I agree. As I have written in other similar threads, I twice reduced my weekly hours worked, the first time to just over half of what I had been earning as a full-time worker, and again to a level about 1/3 of my full-time earnings. Eighty percent of which pre-retirement salary?

Instead, used my pre-ER expenses as a starting point and adjusted them to fit my ER budget. Basically, it was an elimination of FICA taxes (YAY!) and commutation expenses (Double YAY!) in exchange for greater health insurance expenses, at least at the start. The rest of my expenses changed a little or not at all.

Once I had that figured out, I looked to see if I could generate that much in income (not being eligible for SS or my pension or unfettered IRA withdrawals, I have to rely solely on my taxable account investments) plus some more as a cushion to cover me against unforeseen expenses and inflation.
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Old 12-02-2011, 06:46 PM   #9
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In a previous thread, we discussed how our spending compared to our final incomes. IIRC, I was one of the few who admitted to spending 100% or more currently. Though this wasn't to plan, I had it covered by back-ups.

While I agree that any "rule" (80% or otherwise) is fraught with danger(s), it's not a bad starting point for beginners, IMO. True, an "exact" retirement budget would be a much better way to plan, but we don't all have the luxury of knowing 1) how our lives will turn out 2) how our retirement spending will vary from 80%. Ideally, each year (or each planning session) one should hone in as much as possible on his/her own situation regarding retirement spending. In most cases, the earlier the retirement, the lower the % of final earnings. Of course, this too is a generalization.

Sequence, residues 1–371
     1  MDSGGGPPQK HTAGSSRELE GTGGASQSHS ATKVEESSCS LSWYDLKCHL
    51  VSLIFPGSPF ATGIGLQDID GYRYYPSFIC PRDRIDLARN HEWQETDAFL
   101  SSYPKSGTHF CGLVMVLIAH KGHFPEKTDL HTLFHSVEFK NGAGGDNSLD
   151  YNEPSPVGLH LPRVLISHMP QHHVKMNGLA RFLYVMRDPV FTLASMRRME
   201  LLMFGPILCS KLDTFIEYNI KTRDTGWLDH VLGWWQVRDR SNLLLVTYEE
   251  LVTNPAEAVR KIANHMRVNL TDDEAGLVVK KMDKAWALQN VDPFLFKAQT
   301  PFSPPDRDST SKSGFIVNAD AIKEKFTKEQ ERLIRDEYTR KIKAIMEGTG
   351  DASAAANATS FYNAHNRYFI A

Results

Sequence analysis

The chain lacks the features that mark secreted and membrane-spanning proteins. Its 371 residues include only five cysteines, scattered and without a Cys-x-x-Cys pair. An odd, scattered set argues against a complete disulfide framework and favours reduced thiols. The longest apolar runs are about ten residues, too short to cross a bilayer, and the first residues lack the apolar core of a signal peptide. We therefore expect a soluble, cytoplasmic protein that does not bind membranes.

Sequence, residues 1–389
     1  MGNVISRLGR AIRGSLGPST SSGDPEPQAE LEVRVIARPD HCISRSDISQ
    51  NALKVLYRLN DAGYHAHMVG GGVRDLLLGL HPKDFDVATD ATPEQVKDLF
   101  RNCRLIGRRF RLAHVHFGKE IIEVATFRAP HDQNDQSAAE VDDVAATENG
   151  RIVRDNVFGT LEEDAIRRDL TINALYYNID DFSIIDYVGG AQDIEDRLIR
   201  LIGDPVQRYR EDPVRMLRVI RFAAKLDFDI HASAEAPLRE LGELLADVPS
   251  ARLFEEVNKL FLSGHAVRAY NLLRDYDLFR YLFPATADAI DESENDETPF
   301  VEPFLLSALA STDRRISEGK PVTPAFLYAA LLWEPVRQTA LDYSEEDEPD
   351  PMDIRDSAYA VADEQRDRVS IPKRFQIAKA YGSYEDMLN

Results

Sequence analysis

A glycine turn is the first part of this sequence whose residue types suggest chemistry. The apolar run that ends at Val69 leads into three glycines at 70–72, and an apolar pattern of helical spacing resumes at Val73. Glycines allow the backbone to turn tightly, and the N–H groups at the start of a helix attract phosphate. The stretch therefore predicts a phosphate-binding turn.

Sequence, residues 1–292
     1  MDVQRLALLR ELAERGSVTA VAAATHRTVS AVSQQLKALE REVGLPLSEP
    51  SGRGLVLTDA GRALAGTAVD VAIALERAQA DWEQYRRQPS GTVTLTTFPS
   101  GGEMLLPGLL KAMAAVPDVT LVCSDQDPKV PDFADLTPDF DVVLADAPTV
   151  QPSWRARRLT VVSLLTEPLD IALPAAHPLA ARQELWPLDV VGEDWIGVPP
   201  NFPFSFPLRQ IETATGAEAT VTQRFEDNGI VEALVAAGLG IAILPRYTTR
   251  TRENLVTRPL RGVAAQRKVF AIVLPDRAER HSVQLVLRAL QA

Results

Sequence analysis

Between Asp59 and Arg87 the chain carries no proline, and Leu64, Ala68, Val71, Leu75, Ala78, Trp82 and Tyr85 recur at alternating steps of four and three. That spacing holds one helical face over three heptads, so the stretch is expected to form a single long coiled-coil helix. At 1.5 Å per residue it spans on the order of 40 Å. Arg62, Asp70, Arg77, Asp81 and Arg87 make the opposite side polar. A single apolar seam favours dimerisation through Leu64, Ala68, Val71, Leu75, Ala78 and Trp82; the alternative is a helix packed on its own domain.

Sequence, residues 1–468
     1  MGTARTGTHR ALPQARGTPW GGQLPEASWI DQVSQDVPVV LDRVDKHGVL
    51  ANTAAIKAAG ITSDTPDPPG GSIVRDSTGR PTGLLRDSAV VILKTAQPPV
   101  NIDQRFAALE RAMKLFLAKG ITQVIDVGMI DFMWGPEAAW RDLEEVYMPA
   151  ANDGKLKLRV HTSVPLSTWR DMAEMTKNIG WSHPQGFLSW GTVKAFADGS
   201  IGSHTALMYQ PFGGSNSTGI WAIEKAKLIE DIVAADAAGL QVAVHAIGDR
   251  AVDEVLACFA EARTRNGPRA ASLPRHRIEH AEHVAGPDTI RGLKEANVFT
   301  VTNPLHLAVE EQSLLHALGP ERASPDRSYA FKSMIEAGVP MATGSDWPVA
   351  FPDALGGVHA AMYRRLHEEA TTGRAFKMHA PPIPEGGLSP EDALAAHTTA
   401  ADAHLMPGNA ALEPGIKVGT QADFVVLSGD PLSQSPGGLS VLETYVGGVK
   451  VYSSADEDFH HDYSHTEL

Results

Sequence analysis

What I would suggest to those who pitch the "80% rule" is to advise folks to start at 80% and then adapt as they get closer to retirement and as it becomes clearer what their retirement budgets may look like. YMMV is a good rule too!
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Old 12-02-2011, 11:00 PM   #10
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What kind of expenses go away? Off the top of my head, fuel or transportation costs, maybe more lunches at restaurants than you'd have.

What else?

If you were already LBMY while working, there may not be as much fat to cut once you stop working?
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Old 12-02-2011, 11:28 PM   #11
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What kind of expenses go away? Off the top of my head, fuel or transportation costs, maybe more lunches at restaurants than you'd have.

What else?

If you were already LBMY while working, there may not be as much fat to cut once you stop working?
Those will be my major savings. My car commuting costs are $200 a month for me so when I retire that will be a nice bonus. Also I won't be buying lunch each day in the cafeteria which is another $150 a month I'll save. $350 a month will pay my federal taxes or my healthcare premium.
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Old 12-02-2011, 11:31 PM   #12